Saturday, February 14, 2009
TBBT took a while for me to warm up to -- to even consider watching, actually -- because it's hidden beneath conventional production, the kind of multi-camera configuration and laugh-trackish studio audience that usually warns you that spherical cow jokes need not apply. In other words, TBBT exists in Sitcom World: a place where all events take place indoors at an elevation of four to seven feet in a left-to-right band across a soundstage. (Think I Love Lucy and its many descendants, versus roving single-camera shows like 30 Rock.)
But the writing is what caught me, because -- as Discover columnist Phil Plait told me -- "Whoever wrote The Big Bang Theory understand geeks."
And when I called series co-creator and head writer Bill Prady -- guess what?.....
"I had a short-lived career as a computer programmer," admits co-creator Bill Prady on the phone from Warner Bros. Television. "I was a college dropout in New York City, working at a RadioShack, and I got involved creating the FilePro software for the TRS-80 at my friend Howie's place in Brooklyn." That would be Howard Wolowitz—whose name is now immortalized as one of the show's main characters...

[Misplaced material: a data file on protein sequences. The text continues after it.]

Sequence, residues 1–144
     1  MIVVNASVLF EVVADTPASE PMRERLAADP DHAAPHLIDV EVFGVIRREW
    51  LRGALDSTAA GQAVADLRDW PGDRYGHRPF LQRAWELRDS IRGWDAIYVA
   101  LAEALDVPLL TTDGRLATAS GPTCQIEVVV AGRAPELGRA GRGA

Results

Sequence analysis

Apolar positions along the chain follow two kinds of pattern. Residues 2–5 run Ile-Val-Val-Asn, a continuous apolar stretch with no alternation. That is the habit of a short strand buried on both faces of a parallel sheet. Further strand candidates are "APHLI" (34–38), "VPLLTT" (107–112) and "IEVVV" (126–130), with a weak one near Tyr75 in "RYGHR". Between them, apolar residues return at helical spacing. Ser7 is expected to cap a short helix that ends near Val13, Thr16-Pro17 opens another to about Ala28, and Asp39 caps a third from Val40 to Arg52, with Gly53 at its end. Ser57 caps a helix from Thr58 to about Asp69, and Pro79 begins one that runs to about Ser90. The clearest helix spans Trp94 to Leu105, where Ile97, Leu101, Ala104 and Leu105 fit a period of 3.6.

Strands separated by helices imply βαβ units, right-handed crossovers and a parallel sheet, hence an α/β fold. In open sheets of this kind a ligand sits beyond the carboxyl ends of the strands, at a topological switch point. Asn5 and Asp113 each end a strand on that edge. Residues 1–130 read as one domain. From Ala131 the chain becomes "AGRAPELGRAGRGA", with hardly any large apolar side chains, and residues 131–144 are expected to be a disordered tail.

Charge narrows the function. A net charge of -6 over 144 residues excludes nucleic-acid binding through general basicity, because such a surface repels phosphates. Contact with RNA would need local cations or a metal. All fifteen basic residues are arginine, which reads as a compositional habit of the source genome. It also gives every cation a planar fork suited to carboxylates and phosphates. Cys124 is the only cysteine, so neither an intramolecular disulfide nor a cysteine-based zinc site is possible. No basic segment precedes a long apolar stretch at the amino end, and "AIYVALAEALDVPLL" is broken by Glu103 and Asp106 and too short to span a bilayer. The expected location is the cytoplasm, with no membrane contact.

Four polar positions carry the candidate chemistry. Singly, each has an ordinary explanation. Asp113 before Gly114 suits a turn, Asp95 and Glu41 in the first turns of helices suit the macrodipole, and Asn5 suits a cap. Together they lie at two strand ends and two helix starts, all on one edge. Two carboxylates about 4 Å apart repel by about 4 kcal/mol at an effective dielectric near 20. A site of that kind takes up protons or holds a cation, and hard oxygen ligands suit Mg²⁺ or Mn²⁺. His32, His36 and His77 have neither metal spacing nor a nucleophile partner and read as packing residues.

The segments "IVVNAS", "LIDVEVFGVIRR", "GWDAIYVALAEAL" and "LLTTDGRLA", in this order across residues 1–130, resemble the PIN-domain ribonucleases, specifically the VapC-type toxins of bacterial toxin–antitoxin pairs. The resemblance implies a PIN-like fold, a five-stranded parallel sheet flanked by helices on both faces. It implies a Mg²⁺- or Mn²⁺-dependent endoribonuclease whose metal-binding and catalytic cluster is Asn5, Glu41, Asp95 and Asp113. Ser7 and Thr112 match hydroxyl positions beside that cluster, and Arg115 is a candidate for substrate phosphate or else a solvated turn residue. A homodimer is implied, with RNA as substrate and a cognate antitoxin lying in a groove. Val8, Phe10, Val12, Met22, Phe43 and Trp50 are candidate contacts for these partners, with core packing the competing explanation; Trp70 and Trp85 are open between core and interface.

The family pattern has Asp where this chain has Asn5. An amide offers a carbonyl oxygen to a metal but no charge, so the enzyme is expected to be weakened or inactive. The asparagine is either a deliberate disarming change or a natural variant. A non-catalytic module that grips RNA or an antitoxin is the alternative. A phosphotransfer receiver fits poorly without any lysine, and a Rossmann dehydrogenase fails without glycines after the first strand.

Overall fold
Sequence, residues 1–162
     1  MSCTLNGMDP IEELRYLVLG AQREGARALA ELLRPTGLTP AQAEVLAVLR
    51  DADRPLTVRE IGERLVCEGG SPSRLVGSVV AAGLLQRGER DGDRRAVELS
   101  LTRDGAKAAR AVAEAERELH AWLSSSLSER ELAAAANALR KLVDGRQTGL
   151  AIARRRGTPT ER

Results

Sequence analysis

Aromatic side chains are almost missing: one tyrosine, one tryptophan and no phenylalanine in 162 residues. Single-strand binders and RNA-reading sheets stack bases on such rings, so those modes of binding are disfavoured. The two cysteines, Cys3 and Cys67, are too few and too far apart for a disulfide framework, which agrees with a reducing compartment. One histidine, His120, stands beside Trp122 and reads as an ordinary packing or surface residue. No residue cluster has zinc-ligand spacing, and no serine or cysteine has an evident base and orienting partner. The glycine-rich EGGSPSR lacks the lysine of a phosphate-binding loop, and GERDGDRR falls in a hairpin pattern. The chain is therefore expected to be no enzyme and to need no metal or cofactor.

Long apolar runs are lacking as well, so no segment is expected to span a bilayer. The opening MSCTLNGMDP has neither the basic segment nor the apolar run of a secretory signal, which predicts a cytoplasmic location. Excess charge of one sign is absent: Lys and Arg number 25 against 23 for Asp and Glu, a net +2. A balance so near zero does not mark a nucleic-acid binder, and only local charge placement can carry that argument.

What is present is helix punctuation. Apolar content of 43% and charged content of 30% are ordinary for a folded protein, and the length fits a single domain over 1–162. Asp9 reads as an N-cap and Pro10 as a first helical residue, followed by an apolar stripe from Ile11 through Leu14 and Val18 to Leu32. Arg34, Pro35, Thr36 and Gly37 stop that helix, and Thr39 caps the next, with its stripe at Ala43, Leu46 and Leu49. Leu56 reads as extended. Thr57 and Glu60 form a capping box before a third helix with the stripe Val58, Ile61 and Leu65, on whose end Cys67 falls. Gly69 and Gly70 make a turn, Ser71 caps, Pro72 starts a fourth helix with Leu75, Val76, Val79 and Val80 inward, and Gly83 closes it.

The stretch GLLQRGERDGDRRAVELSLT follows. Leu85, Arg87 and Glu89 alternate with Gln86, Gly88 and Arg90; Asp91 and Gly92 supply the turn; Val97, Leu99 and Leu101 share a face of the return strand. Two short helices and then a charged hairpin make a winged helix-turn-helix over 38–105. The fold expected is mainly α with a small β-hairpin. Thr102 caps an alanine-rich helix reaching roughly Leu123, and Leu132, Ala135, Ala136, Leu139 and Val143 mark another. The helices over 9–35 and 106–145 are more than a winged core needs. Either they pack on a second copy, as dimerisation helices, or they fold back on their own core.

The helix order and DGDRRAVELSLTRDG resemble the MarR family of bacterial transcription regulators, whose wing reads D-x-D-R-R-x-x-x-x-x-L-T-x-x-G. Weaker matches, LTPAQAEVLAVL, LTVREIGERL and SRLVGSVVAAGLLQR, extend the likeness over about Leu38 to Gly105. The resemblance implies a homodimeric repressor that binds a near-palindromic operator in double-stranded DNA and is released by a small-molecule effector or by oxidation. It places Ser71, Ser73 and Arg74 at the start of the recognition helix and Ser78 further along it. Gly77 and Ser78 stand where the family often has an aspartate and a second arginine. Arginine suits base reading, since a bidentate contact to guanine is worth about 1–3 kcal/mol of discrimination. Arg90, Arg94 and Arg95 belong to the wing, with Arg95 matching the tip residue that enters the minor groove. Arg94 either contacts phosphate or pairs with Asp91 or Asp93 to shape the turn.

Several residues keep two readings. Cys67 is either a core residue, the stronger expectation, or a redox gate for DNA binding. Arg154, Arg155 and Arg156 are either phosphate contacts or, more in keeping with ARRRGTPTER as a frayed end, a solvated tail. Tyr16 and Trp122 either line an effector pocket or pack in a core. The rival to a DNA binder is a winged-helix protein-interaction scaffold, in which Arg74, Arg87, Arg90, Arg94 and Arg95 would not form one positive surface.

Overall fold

"I just think of his actions as 'Sheldony.' Some things feel instinctively correct for his character," says Prady, who recalls one software colleague who couldn't go anywhere alone that he hadn't been to before. "He'd say, 'I can't go to 47th Street Photo by myself.' And it was maybe three blocks away. It was never questioned. Quirks were never challenged—they were simply accepted as a quality of the person."
"Are these things Asperger's?" he asks. "I don't know."
One interesting thing from talking with Prady that didn't make it into the piece was that originally he and producer Chuck Lorre were developing two separate shows -- one about Sheldon and Leonard, and another about an aspiring actress named Penny moving to the big city -- and both ideas seemed to be missing something, until one afternoon they went... "Say, what if...?"